Hungry? Good, because George’s at Alys Beach beckons and it’s owned by Memphian Rick Spell who purchased the restaurant in 2015 (he also owns La Cocina in Seacrest Beach, Saltwater Grill in Panama City Beach, and the popular Brookhaven Pub just east of the Clark Tower here at home). Spell happened upon 30-A by chance during a visit to Destin and was impressed by the clean and healthy environment. “I was blown away,” he says. “These great communities are fun and new people show up every week. It’s been incredibly rewarding to experience that area down there. We’re really enjoying it.”

Other must-have meals can be found set among the Bavarian-style village of Rosemary at Cowgirl Kitchen, Angelina’s Pizzeria in Seagrove, or any of the Airstream food trucks that line 30-A in Seaside. A favorite of my family’s is Hurricane Oyster Bar in Grayton Beach just north of 30-A for some of the freshest seafood around. The kids enjoy sitting outdoors and looking for the alligator said to live in the adjacent lily pad-strewn pond. In peak season there might be a wait for a table, but you won’t mind with a drink from the bar and time to peruse the art shops in the complex’s courtyard. Once you’ve finished dinner, don’t forget to head to Blue Mountain Beach Creamery for dessert. (Pro tip: Many restaurants up and down 30-A are cash-only, be sure to check their websites or call before making the trip.)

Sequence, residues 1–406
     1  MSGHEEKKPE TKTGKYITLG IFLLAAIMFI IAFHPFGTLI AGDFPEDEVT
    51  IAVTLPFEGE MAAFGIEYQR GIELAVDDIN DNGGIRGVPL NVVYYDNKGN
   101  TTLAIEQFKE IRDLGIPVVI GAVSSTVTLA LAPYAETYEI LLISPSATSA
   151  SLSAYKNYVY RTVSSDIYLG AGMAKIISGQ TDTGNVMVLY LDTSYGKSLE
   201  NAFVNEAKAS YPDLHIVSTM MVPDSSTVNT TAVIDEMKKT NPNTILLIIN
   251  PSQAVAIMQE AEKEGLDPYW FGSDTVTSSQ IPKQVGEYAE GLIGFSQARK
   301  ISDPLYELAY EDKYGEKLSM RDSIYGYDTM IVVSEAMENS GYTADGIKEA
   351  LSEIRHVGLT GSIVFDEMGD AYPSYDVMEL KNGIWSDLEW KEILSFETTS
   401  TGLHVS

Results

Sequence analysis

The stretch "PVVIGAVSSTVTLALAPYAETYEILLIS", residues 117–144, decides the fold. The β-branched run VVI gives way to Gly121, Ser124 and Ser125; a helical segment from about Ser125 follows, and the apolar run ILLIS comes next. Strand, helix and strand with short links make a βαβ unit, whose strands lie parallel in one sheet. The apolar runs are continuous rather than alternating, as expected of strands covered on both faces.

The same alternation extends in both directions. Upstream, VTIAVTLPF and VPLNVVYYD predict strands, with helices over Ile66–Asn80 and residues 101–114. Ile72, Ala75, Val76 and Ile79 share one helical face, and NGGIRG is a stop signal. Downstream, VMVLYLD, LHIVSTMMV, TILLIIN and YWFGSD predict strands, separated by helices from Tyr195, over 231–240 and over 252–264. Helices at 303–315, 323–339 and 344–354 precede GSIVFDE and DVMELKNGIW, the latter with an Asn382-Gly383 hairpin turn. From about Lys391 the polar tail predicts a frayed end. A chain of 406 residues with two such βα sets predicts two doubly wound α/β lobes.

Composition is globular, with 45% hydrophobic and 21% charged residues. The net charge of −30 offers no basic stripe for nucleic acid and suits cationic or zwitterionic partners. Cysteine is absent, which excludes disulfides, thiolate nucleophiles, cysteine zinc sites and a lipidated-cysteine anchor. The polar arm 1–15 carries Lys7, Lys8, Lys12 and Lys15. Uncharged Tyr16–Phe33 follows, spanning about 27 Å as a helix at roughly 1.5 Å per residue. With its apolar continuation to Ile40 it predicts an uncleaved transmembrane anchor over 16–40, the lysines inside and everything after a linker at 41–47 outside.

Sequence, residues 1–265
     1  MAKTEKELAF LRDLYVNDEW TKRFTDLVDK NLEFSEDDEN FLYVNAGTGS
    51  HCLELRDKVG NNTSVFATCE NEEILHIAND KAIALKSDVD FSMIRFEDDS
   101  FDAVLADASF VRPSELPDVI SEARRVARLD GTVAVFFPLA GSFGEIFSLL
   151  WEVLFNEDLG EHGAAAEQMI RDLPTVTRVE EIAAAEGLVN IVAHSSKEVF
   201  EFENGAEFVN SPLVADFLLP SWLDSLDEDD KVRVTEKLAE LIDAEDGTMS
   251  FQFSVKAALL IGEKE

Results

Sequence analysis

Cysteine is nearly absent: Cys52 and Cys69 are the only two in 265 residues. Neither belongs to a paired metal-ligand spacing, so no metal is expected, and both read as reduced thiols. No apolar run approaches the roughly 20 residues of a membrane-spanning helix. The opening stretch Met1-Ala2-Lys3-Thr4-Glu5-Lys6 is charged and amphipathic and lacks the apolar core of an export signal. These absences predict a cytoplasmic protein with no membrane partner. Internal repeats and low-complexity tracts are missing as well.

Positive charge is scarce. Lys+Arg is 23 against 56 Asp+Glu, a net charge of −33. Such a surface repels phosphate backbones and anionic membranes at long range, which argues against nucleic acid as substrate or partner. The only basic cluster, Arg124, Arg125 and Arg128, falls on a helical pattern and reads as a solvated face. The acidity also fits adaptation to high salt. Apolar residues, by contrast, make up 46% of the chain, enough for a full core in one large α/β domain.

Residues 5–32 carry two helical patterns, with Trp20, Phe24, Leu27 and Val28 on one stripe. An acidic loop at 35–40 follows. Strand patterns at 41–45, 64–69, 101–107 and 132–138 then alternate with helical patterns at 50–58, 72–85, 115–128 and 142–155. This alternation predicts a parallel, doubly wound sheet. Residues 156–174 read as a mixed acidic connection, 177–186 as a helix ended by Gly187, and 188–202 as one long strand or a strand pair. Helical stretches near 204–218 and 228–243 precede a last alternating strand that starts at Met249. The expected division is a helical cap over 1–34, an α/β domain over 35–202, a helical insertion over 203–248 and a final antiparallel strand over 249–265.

Going to the beach? Of course you are. Plan ahead, you’ll need something cold and frothy in the heat — stop by The Growler Garage in Santa Rosa Beach for the best in craft beer selections. Local connection: The Garage’s owners, Denise and Mitch Omar, hail from right here in Bartlett. Drawn by the casual, laid-back lifestyle, the Omars vacationed along 30-A for 20 years before buying a condo and moving there five years ago. When the retail space below their residence became available, they jumped at the chance. “Our daughter and her family were leaving Memphis for Atlanta so Mitch and I put our heads together, feeling like this was the right time to explore our dream of owning a bar by the beach, and decided to pursue this with a craft beer store,” Denise says. “The concept of design is ‘all things garage’ since Mitch already had O’s Custom Paints [custom motorcycle paint shop] in Bartlett, which is still going strong as he commutes back and forth.”